Cortège was executed on the 8th of September 1961, during the height of the Paris Circus period. Articulated in vivid colour and frantic brushwork, this painting conveys a sense of the thronging urban mass. We are presented with a group of four figures, linked in a foreshortened circle and defined by individual strokes of red, green, yellow, and blue. They are shown in such a blur of colour that, in many instances, their bodies – indistinguishable and inseparable from one another – seem to merge and overlap. In this regard, Cortège should be viewed as a precurser to the Légendes series, which includes the aforementioned La Gigue Irlandais – one of the last coherent groups created during Dubuffet’s Paris Circus period. They are characterised by their kaleidoscopic mode of depiction consisting entirely of patchwork fields of colour. The effect is that of a homogenous all-over composition, with different figurative elements seeming to emerge and recede out of a field of diaphanous colour. Cortège occupies an important position within Dubuffet’s wider oeuvre – executed in the midst of his most important series, but also completed with one eye looking forward to those important artistic endeavours that were still to come.
This painting also plays a significant role within the wider history of twentieth-century art. Dubuffet was notoriously resolute in his rejection of academic art-historical precedent. He was a founder of the Art Brut movement and purposefully steered his sphere of influence towards the art of children or the mentally ill, rather than the accepted Parisian salons of preceding decades. However, this is not to say that he worked in a vacuum. Indeed, the very composition of this work, with the figures appearing linked and foreshortened in an elliptical ring, seems steeped in art historical redolence. We can recall Matisse’s Dance (I), or even Nicolas Poussin’s Dance to the Music of Time held in the Wallace Collection in London. Cortège also merits comparison with Pablo Picasso’s Les Demoiselles D’Avignon, painted in 1907 and now housed in the Museum of Modern Art in New York: both works utilise a warped mode of depiction where foreground is indistinguishable from background, while the influence of African and Oceanic cultural objects upon Picasso’s painting chimes with Dubuffet’s reliance on ‘outsider’ art forms. In the depictive style of the present work, Dubuffet also appears to have looked to his more immediate painterly peers. In the flashes of bright hot colours, in the thickness of the brushwork, and in the feverish immediacy of the composition, we can detect the influence of the American Abstract Expressionists, particularly Willem de Kooning and Sam Francis, who created a similarly irregular honeycomb of individually coloured cells in his work. Dubuffet had lived in New York between 1951 and 1952, and would return there the year after the present work’s creation for a MoMA retrospective. His ties to the city and its avant-garde artists were particularly strong at this stage in his career and the fruits of the relationships he held are manifest in Cortège.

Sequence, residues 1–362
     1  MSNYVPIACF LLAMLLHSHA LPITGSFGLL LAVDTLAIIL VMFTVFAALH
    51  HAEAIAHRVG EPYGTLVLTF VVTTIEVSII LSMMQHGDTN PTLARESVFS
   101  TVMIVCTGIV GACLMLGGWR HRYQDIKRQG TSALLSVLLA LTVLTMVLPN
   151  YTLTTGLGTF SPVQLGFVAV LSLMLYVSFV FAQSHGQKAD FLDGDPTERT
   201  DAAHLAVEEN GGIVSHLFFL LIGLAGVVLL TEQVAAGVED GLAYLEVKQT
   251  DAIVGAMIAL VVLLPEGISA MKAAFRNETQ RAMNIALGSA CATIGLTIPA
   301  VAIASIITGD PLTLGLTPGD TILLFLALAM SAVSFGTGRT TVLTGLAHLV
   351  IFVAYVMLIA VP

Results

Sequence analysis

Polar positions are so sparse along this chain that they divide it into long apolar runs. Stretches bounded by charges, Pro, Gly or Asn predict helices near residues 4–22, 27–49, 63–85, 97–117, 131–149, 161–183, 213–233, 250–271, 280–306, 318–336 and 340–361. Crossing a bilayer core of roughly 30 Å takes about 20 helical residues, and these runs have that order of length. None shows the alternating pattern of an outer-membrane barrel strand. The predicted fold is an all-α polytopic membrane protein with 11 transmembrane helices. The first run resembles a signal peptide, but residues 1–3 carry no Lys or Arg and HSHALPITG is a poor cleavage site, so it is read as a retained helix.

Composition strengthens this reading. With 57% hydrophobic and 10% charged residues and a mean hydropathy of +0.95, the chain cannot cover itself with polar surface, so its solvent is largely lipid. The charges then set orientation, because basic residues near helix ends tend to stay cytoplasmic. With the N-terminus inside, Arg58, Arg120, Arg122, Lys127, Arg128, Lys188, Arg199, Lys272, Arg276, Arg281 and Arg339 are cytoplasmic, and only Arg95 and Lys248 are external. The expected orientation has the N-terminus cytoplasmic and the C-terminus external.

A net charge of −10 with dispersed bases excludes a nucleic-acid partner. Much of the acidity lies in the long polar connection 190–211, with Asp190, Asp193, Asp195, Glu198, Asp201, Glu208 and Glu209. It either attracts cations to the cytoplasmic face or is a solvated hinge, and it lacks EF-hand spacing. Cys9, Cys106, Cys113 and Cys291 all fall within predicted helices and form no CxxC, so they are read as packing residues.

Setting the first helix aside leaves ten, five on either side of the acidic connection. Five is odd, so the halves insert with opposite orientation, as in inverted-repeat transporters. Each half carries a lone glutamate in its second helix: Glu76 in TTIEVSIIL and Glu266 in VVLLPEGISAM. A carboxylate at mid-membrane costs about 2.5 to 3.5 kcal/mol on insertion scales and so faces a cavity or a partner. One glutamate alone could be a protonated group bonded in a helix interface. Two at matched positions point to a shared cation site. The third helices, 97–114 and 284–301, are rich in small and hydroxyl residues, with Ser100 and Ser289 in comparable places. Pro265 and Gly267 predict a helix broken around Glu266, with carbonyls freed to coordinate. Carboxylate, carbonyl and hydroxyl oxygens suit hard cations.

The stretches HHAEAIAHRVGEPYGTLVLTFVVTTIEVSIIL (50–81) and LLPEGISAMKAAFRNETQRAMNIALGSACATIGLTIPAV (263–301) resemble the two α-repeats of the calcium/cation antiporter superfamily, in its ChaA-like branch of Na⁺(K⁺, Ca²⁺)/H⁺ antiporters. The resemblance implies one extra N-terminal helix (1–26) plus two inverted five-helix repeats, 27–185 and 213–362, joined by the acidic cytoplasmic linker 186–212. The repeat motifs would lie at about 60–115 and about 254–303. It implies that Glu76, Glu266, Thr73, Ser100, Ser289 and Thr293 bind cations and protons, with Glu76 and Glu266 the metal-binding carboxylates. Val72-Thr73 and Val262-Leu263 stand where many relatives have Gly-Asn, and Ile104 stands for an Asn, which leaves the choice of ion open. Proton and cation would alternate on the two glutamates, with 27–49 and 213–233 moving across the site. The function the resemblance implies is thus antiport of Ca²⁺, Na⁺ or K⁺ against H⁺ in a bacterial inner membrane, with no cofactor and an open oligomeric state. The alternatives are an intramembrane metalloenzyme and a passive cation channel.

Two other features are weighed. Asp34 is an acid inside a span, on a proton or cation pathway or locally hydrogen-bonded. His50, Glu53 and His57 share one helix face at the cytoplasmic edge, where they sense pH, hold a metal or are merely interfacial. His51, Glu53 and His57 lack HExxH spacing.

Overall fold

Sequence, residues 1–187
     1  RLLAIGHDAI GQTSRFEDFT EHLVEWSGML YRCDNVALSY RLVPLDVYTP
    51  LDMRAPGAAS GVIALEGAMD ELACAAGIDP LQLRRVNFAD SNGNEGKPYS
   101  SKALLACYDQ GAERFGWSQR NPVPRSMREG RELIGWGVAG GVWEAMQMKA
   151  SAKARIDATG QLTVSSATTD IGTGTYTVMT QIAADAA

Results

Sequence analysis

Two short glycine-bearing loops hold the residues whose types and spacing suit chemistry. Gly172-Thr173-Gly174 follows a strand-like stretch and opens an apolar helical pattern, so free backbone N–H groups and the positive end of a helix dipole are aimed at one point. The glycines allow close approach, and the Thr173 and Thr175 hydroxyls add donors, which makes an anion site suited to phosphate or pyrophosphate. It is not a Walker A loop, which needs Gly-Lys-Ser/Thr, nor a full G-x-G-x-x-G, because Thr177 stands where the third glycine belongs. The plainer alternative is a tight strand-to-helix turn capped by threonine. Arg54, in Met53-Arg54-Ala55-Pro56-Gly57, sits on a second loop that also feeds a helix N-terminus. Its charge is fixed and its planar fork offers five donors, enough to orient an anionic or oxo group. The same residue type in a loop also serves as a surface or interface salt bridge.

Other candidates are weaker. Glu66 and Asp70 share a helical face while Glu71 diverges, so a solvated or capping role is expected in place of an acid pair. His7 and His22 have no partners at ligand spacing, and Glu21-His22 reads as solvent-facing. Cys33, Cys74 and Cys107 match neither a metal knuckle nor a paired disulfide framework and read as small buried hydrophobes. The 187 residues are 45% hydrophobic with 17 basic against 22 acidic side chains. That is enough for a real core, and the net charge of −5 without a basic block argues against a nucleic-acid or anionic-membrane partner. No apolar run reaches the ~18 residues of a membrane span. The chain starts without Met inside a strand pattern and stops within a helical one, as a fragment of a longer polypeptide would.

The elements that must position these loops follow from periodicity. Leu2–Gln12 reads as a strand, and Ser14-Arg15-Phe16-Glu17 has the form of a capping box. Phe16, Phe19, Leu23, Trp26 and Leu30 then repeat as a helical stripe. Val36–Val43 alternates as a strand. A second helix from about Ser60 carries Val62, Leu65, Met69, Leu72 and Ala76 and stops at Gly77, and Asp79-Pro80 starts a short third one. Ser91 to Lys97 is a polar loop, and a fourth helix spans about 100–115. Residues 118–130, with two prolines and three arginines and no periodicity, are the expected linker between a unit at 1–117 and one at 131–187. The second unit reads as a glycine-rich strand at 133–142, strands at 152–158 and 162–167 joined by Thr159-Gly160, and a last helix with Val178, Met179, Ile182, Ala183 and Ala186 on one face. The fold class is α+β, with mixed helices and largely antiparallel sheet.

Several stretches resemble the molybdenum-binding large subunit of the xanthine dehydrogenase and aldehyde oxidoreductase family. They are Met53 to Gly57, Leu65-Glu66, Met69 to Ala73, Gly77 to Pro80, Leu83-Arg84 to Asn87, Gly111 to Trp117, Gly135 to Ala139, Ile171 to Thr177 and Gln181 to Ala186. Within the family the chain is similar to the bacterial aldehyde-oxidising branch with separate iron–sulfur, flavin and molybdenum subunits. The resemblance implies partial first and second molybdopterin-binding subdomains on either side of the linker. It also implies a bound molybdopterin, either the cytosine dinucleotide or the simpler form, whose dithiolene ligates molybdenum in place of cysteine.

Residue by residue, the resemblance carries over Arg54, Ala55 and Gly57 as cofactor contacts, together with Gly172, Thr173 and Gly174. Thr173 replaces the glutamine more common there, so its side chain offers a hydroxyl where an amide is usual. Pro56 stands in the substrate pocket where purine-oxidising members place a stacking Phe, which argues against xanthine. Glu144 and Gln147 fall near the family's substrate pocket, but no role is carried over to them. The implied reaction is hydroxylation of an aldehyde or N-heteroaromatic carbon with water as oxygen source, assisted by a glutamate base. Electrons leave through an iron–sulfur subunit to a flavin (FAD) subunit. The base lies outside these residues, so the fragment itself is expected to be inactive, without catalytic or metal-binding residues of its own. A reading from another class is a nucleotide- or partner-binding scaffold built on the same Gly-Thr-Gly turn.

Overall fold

Translating the verve and hubbub of 1960s Paris, Cortège conveys the joy that Dubuffet felt upon his return to the metropolis. It can be held up as a milestone within this artist’s paradigm-shifting oeuvre, adroitly explicating the fluency and fluidity of his painterly style. Through its interpretation, we can further understand not only Dubuffet’s dedication to the fundaments of Art Brut, but also the manner in which he incorporated and absorbed influence from his American counterparts. Cortège embodies the imaginative and playful spirit of Dubuffet’s Paris Circus. In his own words: “Art should always make us laugh and frighten us a little, but never bore us” (Jean Dubuffet, Propsctus aux amateurs de tout genre, Paris 1946, p. 43).